UNSW research examining violence awarded $2.5 million in funding

September 04, 2022

UNSW Sydney has received $2.5 million in the latest round of National Health and Medical Research Council (NHMRC) funding for a Centre of Research Excellence (CRE) which will investigate violence in the community. It involves investigators covering violence associated with Aboriginal women, mental illness, stalking and domestic violence. A lifespan approach will also be adopted ranging from childhood exposure to violence, juvenile trajectories into violence, and violence in the context of cognitive impairment. A national data collection based on police domestic violence data will be developed and enable better reporting of domestic violence, providing data to better understand and predict subsequent domestic violence. “It’s fantastic to see UNSW receiving support to pursue collaborative research and develop capacity in clinical research, health services research and public health research on this issue,” he said.

UNSW Sydney has received $2.5 million in the latest round of National Health and Medical Research Council (NHMRC) funding for a Centre of Research Excellence (CRE) which will investigate violence in the community.

Professor Tony Butler at UNSW Medicine & Health will lead a team of Australian and international researchers to better understand violence perpetration and improve its prediction and prevention.

“Violence is a major public health issue. It is a major cause of death, suffering and economic loss worldwide. Tackling those who perpetrate or use violence is an essential component in addressing this issue,” Prof. Butler said.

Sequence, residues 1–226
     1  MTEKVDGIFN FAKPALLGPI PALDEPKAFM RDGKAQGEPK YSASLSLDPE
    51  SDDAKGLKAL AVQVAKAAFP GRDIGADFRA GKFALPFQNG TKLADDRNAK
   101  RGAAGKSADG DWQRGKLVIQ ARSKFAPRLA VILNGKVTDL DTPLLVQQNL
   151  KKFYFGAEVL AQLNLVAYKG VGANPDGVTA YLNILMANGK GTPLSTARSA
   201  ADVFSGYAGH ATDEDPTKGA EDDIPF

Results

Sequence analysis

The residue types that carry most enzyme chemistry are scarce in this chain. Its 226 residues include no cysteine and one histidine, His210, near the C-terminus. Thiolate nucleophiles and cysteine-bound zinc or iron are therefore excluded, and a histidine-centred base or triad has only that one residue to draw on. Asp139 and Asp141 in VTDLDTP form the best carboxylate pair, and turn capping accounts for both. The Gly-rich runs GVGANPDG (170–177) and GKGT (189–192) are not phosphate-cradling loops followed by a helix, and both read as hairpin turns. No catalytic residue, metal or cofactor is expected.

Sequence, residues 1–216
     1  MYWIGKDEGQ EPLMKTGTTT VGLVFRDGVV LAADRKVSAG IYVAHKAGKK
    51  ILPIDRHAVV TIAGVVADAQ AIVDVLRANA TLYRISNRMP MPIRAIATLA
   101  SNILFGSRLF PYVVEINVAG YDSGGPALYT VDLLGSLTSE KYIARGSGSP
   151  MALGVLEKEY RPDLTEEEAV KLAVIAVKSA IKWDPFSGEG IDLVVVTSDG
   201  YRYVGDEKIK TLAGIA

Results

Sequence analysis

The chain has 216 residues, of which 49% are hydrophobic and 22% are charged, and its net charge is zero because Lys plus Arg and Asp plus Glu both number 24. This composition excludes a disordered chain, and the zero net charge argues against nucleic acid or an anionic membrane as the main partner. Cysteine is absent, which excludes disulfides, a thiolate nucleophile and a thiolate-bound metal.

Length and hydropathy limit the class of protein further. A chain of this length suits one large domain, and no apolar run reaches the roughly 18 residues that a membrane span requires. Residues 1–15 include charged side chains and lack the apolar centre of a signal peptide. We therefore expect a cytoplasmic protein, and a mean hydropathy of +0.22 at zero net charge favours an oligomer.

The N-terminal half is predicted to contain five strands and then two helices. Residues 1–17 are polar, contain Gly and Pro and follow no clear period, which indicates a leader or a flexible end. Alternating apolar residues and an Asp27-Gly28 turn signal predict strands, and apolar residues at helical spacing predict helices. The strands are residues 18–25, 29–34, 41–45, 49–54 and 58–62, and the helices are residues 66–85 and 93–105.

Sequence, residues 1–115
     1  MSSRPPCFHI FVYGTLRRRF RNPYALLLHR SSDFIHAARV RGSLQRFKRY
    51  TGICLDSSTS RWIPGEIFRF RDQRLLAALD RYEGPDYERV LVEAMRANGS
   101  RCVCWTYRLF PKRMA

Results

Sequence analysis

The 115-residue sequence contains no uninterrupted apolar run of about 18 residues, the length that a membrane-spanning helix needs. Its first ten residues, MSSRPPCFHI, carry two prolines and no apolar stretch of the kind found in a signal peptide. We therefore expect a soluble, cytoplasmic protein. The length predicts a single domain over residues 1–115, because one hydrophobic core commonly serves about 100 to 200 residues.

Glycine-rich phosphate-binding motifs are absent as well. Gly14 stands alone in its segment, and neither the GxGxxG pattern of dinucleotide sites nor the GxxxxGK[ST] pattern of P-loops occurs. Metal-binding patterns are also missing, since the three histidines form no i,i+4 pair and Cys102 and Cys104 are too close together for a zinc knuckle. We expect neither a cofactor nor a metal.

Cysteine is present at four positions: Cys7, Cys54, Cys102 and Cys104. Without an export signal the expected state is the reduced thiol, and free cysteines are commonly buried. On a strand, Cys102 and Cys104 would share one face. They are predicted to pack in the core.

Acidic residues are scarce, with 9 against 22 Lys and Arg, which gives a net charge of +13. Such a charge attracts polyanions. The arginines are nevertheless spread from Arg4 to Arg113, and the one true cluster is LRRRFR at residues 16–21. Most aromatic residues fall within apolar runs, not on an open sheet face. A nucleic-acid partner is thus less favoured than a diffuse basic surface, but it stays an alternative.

Most resources are directed toward interventions to support victims of violence once it has occurred, and a criminal justice system response for perpetrators. Prof. Butler believes the community needs a better understanding of violence perpetration and more effective interventions.

The CRE will comprise 11 projects which will observe individual factors such as early life experiences, cognition and medication use, and consider broader issues such as sentencing practices in court and how to optimise the collection and use of large violence-related data.

Professor Tony Butler. Photo: Kirby Institute.

It involves investigators covering violence associated with Aboriginal women, mental illness, stalking and domestic violence. A lifespan approach will also be adopted ranging from childhood exposure to violence, juvenile trajectories into violence, and violence in the context of cognitive impairment.

A national data collection based on police domestic violence data will be developed and enable better reporting of domestic violence, providing data to better understand and predict subsequent domestic violence.

Read more: Funding success for Centres of Research Excellence

Prof. Butler said the new knowledge and insights generated by the team will help improve prevention efforts.

“A better understanding of those who use violence will complement support services for victims,” he said. “The research projects will also use a range of qualitative and quantitative methodologies to examine issues such as domestic violence surveillance, motivations for being violent and the role of early life exposure in future violence.”

Scientia Professor Vlado Perkovic, Dean of UNSW Medicine & Health congratulated Prof. Butler on the funding success.

“It’s fantastic to see UNSW receiving support to pursue collaborative research and develop capacity in clinical research, health services research and public health research on this issue,” he said.

“I look forward to the outcomes of these projects which will have a significant impact on our understanding of violence in society.”

The source of this news is from University of New South Wales

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